“Cooking is like making love, you do it well, or you do not do it at all”
- Harriet van Horne (1920-1998)
I was anything but a cook when I entered a kitchen for the first time. It was in high school and we were attending our first practical class for Nutrition. To me, the kitchen appeared to be as awe-inspiring as a Disney store would to a kid. Soon the awe gave way to embarrassment as I was paired with a fellow classmate who was excited to cook poha (an Indian snack). I mustered enough courage to mumble about my ignorance. But that wasn't of much help either. She put a potato in my left hand and a peeler in my right hand and asked me to peel the potato, assuming, that I could at least perform this elementary task. I sat on a stool which swung occasionally because one of its legs was shorter than the other three. With an exasperated sigh I prepared for the ultimate humiliation. I needed to tell her that I didn't know how to peel potatoes. I refrain from providing details to what happened next. But, the point of contention is this that the same individual, who couldn't peel a potato, can now cook excellent chicken tikka masala. I am amazed at the way I have evolved. This introspective rambling is on that process of evolution ;)
Cooking was an ordeal to me. It was akin to being thrust into the gas chamber. After I had had a few ( or many, to be correct) expressive days of disgust, my husband, who is incidentally a good cook, referred to a movie where the chef, while cooking, had the same expression as an individual reaching orgasm. I was disgusted by the association of such outrageously disparate ideas. After that several days passed without any reference to such creative links. And then, it happened.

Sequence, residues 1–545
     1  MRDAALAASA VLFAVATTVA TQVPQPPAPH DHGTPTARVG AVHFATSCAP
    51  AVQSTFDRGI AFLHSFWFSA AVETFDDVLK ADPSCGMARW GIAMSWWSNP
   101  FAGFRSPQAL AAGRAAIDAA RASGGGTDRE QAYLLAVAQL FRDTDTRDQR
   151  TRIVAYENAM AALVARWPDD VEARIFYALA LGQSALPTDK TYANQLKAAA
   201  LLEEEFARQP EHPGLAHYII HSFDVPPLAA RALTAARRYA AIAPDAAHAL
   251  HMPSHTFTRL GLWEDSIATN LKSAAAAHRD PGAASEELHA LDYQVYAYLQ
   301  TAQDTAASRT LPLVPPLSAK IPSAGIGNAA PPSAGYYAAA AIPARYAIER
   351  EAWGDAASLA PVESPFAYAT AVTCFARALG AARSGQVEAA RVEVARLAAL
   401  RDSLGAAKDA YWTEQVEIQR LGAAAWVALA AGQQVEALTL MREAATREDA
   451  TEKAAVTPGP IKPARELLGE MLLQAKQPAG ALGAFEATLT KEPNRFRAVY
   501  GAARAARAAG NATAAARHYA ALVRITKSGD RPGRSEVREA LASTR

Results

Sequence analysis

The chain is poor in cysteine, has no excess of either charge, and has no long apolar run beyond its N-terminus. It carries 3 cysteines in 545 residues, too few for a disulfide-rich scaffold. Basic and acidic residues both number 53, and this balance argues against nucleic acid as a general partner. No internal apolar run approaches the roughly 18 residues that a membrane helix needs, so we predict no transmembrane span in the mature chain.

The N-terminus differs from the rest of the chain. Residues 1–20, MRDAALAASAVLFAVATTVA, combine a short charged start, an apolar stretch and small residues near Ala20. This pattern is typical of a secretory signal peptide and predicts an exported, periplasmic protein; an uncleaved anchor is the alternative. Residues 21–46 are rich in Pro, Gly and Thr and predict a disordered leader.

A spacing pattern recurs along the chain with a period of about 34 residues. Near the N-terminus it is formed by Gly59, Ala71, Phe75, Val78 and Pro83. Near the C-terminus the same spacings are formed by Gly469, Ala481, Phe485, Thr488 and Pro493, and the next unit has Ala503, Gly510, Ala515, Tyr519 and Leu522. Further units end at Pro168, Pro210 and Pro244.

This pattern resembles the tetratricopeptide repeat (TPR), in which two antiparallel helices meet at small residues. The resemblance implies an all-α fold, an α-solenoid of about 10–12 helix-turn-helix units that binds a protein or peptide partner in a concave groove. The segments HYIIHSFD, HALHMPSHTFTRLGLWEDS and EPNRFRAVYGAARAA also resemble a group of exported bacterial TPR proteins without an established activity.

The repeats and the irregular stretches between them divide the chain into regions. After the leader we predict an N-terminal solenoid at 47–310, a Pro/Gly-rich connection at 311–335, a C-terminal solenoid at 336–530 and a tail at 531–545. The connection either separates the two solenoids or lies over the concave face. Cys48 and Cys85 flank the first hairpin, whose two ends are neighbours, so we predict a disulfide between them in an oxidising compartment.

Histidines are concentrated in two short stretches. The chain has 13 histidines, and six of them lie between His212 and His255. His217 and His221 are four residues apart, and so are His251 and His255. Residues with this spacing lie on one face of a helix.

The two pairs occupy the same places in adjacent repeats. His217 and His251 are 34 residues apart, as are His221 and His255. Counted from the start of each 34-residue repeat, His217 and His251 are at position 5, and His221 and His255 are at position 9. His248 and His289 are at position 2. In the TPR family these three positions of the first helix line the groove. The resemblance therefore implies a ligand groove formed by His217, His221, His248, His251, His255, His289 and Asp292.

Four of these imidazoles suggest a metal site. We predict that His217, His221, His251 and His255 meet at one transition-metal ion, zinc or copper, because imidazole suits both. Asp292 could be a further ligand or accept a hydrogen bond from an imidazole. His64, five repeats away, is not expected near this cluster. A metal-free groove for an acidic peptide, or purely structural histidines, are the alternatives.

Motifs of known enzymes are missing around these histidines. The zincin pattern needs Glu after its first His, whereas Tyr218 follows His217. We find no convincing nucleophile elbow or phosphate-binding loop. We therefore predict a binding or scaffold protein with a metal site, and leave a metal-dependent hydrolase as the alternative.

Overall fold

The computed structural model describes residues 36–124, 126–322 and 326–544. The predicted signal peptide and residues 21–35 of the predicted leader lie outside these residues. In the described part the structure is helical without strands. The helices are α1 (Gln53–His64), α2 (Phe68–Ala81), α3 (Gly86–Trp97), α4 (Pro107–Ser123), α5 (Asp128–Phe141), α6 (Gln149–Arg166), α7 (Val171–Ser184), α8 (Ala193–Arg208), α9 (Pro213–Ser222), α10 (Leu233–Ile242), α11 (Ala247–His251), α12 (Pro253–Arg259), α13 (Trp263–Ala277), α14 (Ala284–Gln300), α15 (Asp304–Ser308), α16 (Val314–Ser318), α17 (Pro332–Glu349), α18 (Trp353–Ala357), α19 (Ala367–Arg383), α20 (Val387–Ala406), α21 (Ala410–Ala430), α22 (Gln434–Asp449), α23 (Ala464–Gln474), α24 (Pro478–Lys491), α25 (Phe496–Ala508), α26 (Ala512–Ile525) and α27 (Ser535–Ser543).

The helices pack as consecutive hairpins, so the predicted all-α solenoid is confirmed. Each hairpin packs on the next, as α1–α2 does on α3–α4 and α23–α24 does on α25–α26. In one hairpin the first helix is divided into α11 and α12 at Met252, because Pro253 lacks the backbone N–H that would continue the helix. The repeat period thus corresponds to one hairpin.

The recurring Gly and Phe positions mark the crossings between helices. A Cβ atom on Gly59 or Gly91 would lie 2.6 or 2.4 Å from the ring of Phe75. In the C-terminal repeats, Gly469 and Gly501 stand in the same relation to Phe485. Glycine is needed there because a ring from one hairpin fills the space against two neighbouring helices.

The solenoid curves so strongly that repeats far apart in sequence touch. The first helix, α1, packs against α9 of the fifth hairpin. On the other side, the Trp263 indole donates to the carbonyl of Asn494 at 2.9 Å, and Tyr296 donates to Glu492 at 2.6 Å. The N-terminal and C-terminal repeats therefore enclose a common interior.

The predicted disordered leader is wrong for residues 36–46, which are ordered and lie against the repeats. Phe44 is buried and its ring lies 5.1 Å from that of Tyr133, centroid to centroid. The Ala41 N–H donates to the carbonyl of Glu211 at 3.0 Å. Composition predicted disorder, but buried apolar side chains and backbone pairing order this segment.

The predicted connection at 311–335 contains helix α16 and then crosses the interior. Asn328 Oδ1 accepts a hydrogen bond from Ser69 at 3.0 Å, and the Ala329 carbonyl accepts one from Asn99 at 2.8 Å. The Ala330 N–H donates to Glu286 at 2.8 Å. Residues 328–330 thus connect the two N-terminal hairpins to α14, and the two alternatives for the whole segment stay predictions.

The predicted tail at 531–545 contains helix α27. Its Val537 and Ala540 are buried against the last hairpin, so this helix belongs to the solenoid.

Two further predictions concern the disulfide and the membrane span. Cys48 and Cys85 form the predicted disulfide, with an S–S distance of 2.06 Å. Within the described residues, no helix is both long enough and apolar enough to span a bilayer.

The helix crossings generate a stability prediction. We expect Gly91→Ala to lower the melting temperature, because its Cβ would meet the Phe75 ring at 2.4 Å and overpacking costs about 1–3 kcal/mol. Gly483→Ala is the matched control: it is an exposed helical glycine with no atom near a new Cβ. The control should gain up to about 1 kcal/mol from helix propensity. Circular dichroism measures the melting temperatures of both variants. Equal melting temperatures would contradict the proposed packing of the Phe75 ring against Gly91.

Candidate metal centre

It was just another day when I was cooking while he was away at the university. I remember I was cooking an Indian curry with eggs. I heated the oil in the pan and sprinkled cumin seeds in it. I had cooked the same dish numerous times before, but the spluttering of the cumin seeds had never arrested my attention. I looked on as the seeds were at first gathered in a cluster, then started spluttering and breaking away from the cluster. Uncalculatingly a smile spread across my face. I was interested what the next ingredients would do when they enter the domain of the hot oil. From inanimate spices, each ingredient suddenly gained an individual dimension. The dried red chillies which turned black in the hot oil reminded me of the myth why the monkey has a burnt face (well, that's another story altogether). The tomatoes became lascivious ladies and the glazed onions were the chivalrous men. As each ingredient changed its colour, I had a heightened olfactory perception. The fact that the cooking was progressing was evident from the smell. I had been cooking daily for the past one year, but I had never experienced anything like this before.
Since then cooking has become my creative zone. It is sometimes like a musical presentation where the order in which the ingredients enter the creative cauldron is as important as their optimum quantities for the best performance. As I now observe the changing colours of the curry that I cook, I feel that I am present in a fluid state where the various colours flow continually onto a canvas. You may as well categorize me as delusional, but before you do that, pause for a moment and think. Did you ever pause to see the changing colour of the leaves- from the sap green vibrance of summer to the autumnal orange? Or, have you ever looked up at the sky and seen the crazy shapes that the clouds form? I did something in the same vein.
That day I had learnt to pause and tap the various stimuli that are organically active in every moment. We rarely perceive them. We are always multitasking in order to capitalise time to its maximum possibility. Though hundreds of Bollywood movies are released every year, nobody learns anything from them. Had they, they would have learnt by now the impossibility to grasp time as it is to grasp sand. The more you tighten your clutch, the more it escapes. However, this article is not meant to be a Baconian piece either telling you how to cook egg curry or how to watch Bollywood movies. It's my way of pausing and allowing the mind to rattle on. Simple.